Disney’s Hercules is…. interesting, to say the least. Not only is it trying to render a single coherent tale of a character who appears in so many disparate myths that the task is practically impossible, it also has to condense a sprawling, bizarre, and frankly rather adult myth system in to something that kids can not only digest easily in less than two hours, but that wont offend the parents taking them to see the film would feel comfortable exposing their children to. There are some incredible things to love about this movie - chiefly the way it treated Megara and the singularly unforgettable James Woods performance as Hades - along with a few that feel like misfires - the tone changes from moment to moment are enough to give one whiplash, and it could stand to focus on a single story and just tell it. However, this week I want to talk about something that, while it could be cited as a plot hole for the film, is most certainly not, and indeed is representative of one of the film’s most powerful successes.
There’s one moment in this sprawling romp of a film in particular that is sometimes cited as a plot hole, or evidence that there’s less to enjoy in the film than people suspect. In the film’s most famous (and arguably catchiest) song, “Zero To Hero,” the muses at one point utter the line “who puts the glad in gladiator? Hercules!” The problem, of course is that when Hercules existed (if he ever did exist), not only is he ever referenced as a gladiator, both the term and the profession had yet to be invented by the Roman empire, still many hundreds of years away. And I have to admit, when I heard this line for the first time in a while, my immediate response was something along the lines of “come on, really?” For a moment, I was convinced that this was indeed a plot hole, something that both broke the established rules of the story and “ruined” the song it appeared in.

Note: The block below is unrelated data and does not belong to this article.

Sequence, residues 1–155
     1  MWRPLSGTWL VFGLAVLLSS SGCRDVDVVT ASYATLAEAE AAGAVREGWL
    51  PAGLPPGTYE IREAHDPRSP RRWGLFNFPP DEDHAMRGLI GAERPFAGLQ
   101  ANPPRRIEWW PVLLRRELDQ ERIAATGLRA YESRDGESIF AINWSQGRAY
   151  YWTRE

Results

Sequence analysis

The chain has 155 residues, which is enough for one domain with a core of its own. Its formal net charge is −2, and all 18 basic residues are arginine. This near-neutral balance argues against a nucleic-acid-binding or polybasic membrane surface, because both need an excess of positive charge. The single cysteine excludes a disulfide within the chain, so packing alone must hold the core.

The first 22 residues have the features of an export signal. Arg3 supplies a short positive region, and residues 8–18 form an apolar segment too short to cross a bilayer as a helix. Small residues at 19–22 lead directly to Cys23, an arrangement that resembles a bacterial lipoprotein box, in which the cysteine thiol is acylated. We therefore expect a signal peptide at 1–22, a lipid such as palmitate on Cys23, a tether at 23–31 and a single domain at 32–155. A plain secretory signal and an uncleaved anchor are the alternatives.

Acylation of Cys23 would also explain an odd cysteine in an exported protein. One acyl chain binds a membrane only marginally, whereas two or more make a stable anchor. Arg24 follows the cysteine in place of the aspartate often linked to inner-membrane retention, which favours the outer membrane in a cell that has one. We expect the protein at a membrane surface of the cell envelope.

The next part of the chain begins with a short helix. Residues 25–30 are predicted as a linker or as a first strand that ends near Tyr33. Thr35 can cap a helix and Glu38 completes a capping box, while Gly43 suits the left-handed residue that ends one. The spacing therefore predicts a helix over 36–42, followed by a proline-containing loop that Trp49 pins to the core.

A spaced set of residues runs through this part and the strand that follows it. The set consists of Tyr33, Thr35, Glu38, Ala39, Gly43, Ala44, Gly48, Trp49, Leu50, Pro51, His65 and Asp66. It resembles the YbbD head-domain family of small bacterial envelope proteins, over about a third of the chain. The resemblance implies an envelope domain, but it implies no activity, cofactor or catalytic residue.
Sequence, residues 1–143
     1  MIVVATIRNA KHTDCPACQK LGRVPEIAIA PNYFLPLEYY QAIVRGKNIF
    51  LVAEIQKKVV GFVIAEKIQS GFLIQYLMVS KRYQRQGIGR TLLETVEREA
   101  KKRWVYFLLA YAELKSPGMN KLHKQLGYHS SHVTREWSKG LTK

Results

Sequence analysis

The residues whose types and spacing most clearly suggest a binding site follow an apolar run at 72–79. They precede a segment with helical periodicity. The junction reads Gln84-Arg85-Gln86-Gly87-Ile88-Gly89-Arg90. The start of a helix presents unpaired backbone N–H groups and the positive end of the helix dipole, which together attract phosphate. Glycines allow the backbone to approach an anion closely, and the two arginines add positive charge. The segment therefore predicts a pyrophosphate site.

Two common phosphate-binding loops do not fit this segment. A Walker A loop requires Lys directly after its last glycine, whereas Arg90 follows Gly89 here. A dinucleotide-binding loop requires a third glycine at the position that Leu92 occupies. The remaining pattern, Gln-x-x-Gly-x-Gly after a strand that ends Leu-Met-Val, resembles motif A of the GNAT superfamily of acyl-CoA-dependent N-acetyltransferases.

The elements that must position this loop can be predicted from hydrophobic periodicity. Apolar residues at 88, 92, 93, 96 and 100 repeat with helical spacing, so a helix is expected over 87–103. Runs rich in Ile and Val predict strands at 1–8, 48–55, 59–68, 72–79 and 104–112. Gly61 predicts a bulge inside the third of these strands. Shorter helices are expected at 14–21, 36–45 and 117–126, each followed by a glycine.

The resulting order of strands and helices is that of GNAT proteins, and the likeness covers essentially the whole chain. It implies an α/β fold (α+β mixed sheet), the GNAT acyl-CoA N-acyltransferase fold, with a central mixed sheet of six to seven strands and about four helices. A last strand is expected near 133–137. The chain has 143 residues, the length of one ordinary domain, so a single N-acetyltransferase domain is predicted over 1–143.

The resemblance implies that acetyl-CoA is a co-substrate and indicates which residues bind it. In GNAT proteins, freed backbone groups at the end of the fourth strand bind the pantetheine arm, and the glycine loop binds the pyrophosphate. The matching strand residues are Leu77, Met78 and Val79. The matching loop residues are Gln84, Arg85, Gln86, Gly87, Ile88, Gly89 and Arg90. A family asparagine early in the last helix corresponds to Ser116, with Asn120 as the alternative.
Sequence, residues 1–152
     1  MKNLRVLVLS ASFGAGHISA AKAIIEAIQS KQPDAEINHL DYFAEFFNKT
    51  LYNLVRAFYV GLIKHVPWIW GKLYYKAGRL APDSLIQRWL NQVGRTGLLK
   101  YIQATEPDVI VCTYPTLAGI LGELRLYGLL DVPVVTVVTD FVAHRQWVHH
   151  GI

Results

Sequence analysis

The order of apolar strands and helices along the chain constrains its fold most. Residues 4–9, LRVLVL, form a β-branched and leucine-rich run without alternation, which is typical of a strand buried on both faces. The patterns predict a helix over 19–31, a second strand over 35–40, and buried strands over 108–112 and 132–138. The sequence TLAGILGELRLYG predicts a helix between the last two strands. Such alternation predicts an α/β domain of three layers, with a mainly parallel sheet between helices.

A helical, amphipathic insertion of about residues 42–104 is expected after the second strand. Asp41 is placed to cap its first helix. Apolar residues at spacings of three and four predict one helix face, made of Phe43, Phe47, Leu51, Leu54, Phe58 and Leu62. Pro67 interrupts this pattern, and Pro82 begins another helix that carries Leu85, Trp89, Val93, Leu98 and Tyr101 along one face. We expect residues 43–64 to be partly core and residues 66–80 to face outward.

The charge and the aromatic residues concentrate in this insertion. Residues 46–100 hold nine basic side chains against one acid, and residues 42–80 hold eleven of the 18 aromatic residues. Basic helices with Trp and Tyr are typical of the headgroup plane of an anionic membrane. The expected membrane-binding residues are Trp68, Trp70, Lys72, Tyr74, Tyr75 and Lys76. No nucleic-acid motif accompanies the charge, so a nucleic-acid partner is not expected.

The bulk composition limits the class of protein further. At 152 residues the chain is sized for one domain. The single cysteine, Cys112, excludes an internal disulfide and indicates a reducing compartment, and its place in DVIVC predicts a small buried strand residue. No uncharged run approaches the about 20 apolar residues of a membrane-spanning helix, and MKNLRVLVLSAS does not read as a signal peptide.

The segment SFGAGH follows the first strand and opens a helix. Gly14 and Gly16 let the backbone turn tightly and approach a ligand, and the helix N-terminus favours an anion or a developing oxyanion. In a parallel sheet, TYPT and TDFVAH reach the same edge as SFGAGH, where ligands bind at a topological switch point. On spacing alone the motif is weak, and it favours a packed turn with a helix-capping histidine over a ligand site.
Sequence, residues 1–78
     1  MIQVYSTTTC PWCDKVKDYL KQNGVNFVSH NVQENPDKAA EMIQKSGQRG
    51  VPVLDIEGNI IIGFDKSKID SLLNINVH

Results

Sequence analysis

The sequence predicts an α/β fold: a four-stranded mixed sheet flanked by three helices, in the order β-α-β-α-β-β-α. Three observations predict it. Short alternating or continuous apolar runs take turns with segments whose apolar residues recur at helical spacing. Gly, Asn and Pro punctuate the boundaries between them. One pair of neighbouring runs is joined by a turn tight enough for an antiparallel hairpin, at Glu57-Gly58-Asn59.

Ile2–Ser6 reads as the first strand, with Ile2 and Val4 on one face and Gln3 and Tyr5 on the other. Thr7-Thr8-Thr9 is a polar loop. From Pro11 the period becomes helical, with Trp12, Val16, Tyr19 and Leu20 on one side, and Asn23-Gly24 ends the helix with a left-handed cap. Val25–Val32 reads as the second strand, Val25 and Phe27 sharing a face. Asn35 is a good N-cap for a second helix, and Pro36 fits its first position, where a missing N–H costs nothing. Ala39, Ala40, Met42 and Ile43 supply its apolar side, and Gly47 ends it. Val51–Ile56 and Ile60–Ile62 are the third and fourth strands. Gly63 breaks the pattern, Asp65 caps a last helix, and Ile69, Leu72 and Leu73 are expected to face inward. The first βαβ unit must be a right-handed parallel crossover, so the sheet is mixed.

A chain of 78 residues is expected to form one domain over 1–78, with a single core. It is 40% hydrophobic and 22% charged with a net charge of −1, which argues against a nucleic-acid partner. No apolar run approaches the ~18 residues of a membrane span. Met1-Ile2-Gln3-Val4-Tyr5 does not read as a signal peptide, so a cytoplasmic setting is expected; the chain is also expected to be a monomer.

Because, you see, this criticism does actually reveal something true about the movie; namely, that it isn’t in the least concerned with historical accuracy or faithfully rendering the myth. The film is awash with enough contrivances and deviations from the story the Ancient Greeks would have known to make a classical historian cry. To take just a smattering: The Greek hero who tamed Perseus was Bellerephon, not Hercules, the actual Olympian that Hercules had enmity with was Hera, not Hades, and Hercules in no way figured in the battles between Olympians and Titans. When you get right down to it, practically everything about the central premise, from idea that Hercules was a loser as a child to the story of him becoming a celebrity by performing his labors in an arena, is downright fabrication. A younger and less mature version of me, one that cared more about appreciating the work on its own terms, would probably have written a blog post detailing all of these departures from the myth and taking the film to task for them.